Commentary: Specialty Pharmacy Focus on Evidence-Based Medicine Improves Patient Outcomes and Manages Health Care Costs

John S. Reid, PharmD
Published Online: Sunday, February 1, 2009

John S. Reid, PharmD
Dr. Reid is senior vice president of Specialty Pharmacy Operations at CVS Caremark.

Practicing according to the principles of evidence-based medicine involves the application of national practice guidelines, current clinical research, and experience to guide the diagnosis of a condition and selection of appropriate treatment. Although this practice is important in all fields of health care today, it is becoming increasingly important in specialty pharmacy. Given that drug spending for specialty pharmaceuticals is growing at 2.5 times the rate of nonspecialty spending1 and that total health care costs for specialty patients are 17.5 times higher than nonspecialty patients,2 increased focus has been placed on the use of specialty medications and concern over how to manage costs while ensuring appropriate utilization and quality care.

Specialty pharmacy is a growing area of pharmacy practice focused on providing drug therapy management and dispensing services for patients requiring treatment with medications that are used to treat rare, chronic, or genetic conditions. Patients taking these medications require frequent monitoring and training, coordination of care with multiple health care providers, comprehensive patient education, and adherence management to ensure appropriate utilization. By following the principles of evidence-based medicine, specialty pharmacy is able to achieve the goal most important to patients, payers, and other health care practitioners—optimizing clinical treatment outcomes at the lowest cost.

An example of how evidence-based medicine can be applied is the management of hepatitis C, a blood-borne virus that affects the liver, causing chronic inflammation that can lead to cirrhosis, liver failure, and even liver cancer.3,4 Patients are often asymptomatic, and diagnosis is usually prompted when liver abnormalities are identified during a routine medical examination.

Evidence-based guidelines indicate that key factors in successful viral eradication include the use of and adherence to the current gold standard for treating hepatitis C—pegylated interferon in combination with ribavirin for up to 48 weeks.3-5 Even with optimal medication use and adherence, there is still only a 40% to 50% success rate for genotype 1 patients, and patients who do not experience a clinical response at 12 weeks are not likely to ever achieve successful viral eradication.5 Further, side effects associated with these medications, including flu-like symptoms, depression, and blood dyscrasias, create a huge barrier to successful treatment, with many patients discontinuing therapy after the first month.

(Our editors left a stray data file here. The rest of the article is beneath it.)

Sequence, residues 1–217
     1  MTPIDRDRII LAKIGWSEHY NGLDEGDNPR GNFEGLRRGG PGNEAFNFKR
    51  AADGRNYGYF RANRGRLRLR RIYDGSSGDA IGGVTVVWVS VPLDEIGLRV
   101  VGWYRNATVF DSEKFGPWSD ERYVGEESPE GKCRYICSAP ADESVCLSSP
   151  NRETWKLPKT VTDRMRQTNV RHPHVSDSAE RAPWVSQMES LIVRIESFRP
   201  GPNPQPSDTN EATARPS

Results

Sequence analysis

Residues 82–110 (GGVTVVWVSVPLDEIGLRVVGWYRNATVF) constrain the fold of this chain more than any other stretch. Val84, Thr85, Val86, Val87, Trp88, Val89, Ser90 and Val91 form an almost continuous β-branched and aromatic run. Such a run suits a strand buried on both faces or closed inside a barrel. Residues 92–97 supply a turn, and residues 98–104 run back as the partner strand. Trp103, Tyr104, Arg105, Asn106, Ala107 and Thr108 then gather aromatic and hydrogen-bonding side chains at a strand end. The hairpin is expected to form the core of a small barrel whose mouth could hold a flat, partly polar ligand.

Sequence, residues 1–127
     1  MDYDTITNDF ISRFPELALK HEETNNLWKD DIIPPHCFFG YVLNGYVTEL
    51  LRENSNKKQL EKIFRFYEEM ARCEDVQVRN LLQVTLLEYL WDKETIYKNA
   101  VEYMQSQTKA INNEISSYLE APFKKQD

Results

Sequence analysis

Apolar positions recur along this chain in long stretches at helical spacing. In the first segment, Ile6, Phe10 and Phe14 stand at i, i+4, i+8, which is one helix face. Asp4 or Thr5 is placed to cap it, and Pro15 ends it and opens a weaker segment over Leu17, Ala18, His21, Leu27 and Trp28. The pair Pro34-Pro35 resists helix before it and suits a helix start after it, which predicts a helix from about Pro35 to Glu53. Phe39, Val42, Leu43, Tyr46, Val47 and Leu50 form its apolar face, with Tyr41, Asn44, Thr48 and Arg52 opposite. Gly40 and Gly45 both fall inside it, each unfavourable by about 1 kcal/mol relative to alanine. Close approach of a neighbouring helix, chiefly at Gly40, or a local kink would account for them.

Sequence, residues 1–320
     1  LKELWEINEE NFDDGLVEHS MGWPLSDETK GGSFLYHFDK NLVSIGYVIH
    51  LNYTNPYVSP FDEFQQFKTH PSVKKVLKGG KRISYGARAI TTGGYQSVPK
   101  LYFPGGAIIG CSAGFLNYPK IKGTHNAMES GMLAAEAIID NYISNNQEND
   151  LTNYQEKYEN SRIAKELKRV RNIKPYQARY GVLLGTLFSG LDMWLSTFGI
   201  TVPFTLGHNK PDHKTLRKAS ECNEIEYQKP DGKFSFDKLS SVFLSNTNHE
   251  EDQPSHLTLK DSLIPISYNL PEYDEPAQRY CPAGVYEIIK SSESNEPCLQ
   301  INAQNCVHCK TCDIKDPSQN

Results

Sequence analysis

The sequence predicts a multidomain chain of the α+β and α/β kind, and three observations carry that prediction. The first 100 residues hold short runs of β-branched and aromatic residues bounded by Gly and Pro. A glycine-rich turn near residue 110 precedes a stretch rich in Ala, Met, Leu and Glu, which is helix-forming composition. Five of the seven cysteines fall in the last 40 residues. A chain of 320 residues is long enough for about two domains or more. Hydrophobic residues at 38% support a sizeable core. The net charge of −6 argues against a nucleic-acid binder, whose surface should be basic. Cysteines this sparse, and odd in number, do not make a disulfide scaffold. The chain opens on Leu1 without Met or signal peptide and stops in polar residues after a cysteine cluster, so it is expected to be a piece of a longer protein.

Specialty pharmacists are in a prime position to apply best clinical practices by helping patients understand the complexity of treating and living with hepatitis C, coaching them to remain adherent to and complete their treatment regimen, as well as monitoring their clinical response to ensure that those patients not responding early in the treatment cycle are identified so that other, more appropriate treatment options may be pursued.

A recent study showed that specialty pharmacists can help hepatitis C patients achieve an average adherence of 94.5% (95% confidence interval, 94.2%- 94.7%), with greater than 90% of patients remaining on therapy beyond the first month.6 Further, by monitoring early treatment response, the specialty pharmacy was able to identify that approximately 12% of the population was not responding to therapy, resulting in discontinuation of the prescribed regimen and initiation of a more appropriate option, resulting in payer cost savings of approximately $1500 per month for each nonresponder.7

Specialty pharmacy has demonstrated the ability to support the application of evidence-based medicine as part of the medication utilization and management process. Because this is the fastest-growing segment of drug spending and the largest proportion of the drug development pipeline, understanding the evolving evidence supporting the use of these treatment options and identifying their appropriate place in therapy will continue to be a focus for health care providers and payers alike. Application of evidence-based practices is critical to ensuring the safe and effective use of specialty medications, optimizing treatment outcomes, and minimizing health care costs both today and in the future.

The author would like to thank Lida Andrews, PharmD, director of Specialty Pharmacy Programs at CVS Caremark, for her contributions to this article.

References

  1. CVS Caremark 2007 specialty trend data and CVS Caremark 2007 Book of Business data.
  2. CVS Caremark Book of Business.
  3. Management of Hepatitis C: 2002. NIH Consensus and State of the Science Statements. Bethesda, MD: National Institutes of Health. June 2002. consensus.nih.gov/2002/2002Hepatitisc2002116html.htm. Accessed December 15, 2008.
  4. Strader DB, Wright T, Thomas DL, Seeff LB. Diagnosis, management, and treatment of hepatitis C. AASLD Practice Guideline. Hepatology. 2004;39(4):1147-1171.
  5. Dienstag JL, McHutchinson JG. American Gastroenterological Association Medical Position on the Management of Hepatitis C. Gastroenterology. 2006;130(1):225-230.
  6. Caremark Data Warehouse 2007. January 2008.
  7. Internal Caremark data 2007. April 2008.


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